Research shows Little Rock faith-based leaders find race-relations ‘very important’

LITTLE ROCK, Ark. — Racial divisions have plagued communities of faith in our city for years. 

A Little Rock professor has been studying it for almost a decade. Her work couldn’t be more relevant than it is now as the nation grapples with healing from the death of black men at the hands of police. 

Protests sparked by George Floyd’s death have brought racial injustice to the forefront of America. 

But for University of Arkansas Little Rock Associate Professor Rebecca Glazier, it’s a topic she’s been studying here in Little Rock since 2012. 

“When we looked at our data, we saw a community that’s really divided. We saw faith leaders, 86% of them say that Little Rock has a problem with racial division and that’s not surprising. It’s a real problem in our city. But we also saw 60% of them who said that they think it’s going to get better in the future and we think that is a spark of hope,” Glazier said.

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Glazier led the Little Rock Congregation Study where her team sampled data from 114 different faith leaders over the past eight years.

Understanding Faith and Race through the Data of the Little Rock Congregations Study

Understanding Faith and Race through the Data of the Little Rock Congregations Study

Understanding Faith and Race through the Data of the Little Rock Congregations Study (Glazier, 2020).

June 3, 2020 by Rebecca Glazier, UALR

Understanding Faith and Race through the Data of the Little Rock Congregations Study

Understanding Faith and Race through the Data of the Little Rock Congregations Study

Understanding Faith and Race through the Data of the Little Rock Congregations Study (2020, Glazier).

June 3, 2020 by Rebecca Glazier, UALR

The data collected revealed trends over time, showing the issue of race relations becoming more and more important to faith leaders in the capital city. 

“What we really heard was that this is an issue that we’ve been talking about for a long time, but we want to start seeing action. I think that especially here in the last few weeks, you will start to see some more action,” Glazier said.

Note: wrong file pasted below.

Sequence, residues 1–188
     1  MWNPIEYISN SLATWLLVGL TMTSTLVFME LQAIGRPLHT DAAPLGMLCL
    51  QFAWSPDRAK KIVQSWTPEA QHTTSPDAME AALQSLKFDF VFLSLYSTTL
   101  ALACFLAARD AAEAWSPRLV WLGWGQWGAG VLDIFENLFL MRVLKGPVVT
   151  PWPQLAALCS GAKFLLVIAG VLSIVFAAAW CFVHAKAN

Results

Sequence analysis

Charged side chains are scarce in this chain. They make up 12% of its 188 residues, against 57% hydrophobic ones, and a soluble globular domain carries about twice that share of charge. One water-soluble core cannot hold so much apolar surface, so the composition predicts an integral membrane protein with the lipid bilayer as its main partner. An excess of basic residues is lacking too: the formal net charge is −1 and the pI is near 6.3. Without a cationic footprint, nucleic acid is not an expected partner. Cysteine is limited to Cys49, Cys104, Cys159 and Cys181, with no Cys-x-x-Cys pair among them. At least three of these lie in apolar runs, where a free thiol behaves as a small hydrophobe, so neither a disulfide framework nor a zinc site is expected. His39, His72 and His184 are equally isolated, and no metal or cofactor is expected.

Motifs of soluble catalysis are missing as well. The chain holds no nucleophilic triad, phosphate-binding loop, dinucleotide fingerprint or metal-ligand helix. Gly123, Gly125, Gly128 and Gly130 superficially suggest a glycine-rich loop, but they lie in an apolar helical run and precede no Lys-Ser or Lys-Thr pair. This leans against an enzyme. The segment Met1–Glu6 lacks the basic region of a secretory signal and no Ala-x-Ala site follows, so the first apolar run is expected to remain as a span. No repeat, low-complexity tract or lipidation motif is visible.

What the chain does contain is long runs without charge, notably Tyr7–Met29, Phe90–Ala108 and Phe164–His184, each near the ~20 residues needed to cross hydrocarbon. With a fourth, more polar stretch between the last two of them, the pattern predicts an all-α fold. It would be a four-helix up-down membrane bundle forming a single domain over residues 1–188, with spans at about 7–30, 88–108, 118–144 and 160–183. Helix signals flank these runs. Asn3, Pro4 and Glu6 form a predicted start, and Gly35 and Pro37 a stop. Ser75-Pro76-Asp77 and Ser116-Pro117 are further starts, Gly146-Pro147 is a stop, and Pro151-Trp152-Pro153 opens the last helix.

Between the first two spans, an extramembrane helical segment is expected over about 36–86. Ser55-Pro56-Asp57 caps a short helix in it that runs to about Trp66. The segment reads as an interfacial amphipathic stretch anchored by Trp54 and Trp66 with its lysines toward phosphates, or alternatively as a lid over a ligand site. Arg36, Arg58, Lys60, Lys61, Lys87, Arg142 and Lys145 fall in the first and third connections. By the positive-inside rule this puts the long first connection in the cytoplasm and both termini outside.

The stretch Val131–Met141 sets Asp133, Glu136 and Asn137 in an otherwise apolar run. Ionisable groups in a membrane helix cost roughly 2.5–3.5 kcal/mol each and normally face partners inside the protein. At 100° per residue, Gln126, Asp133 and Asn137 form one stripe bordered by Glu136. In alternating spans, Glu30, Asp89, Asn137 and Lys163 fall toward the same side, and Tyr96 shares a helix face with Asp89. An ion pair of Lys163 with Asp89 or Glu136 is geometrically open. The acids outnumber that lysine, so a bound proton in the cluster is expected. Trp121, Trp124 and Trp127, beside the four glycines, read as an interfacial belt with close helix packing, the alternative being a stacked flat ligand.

Over the past few weeks, protests have been ongoing in Little Rock. At one point protesters took to I-630, temporarily blocking traffic. 

Interstate 630 began construction in the 1960s, spanning over the course of two decades, and is cited by the Central Arkansas Library system as being blamed for significantl social alterations in Little Rock.

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“When we look historically at the role of 630, it’s really a divider in our city,” Glazier said. “When it was built, it cut through a black business corridor and it divided black and white in our city. I think the legacy of that continues to this day.”

Though the data collected over the years tells a story of a divided city, Glazier hopes the research being done will help reinforce the change that’s already in the works. 

“When we talk with clergy, we see them talking about the need to unite our city and to cross those barriers. I think that seeing the protesters shutting down the interstate really was symbolic of trying to shut down that barrier that has been dividing people.” 

For those who may be interested in participating in the Glazier’s research, her email is raglzier@ualr.edu.

You can find her study Understanding Faith and Race through the Data of the Little Rock Congregations here.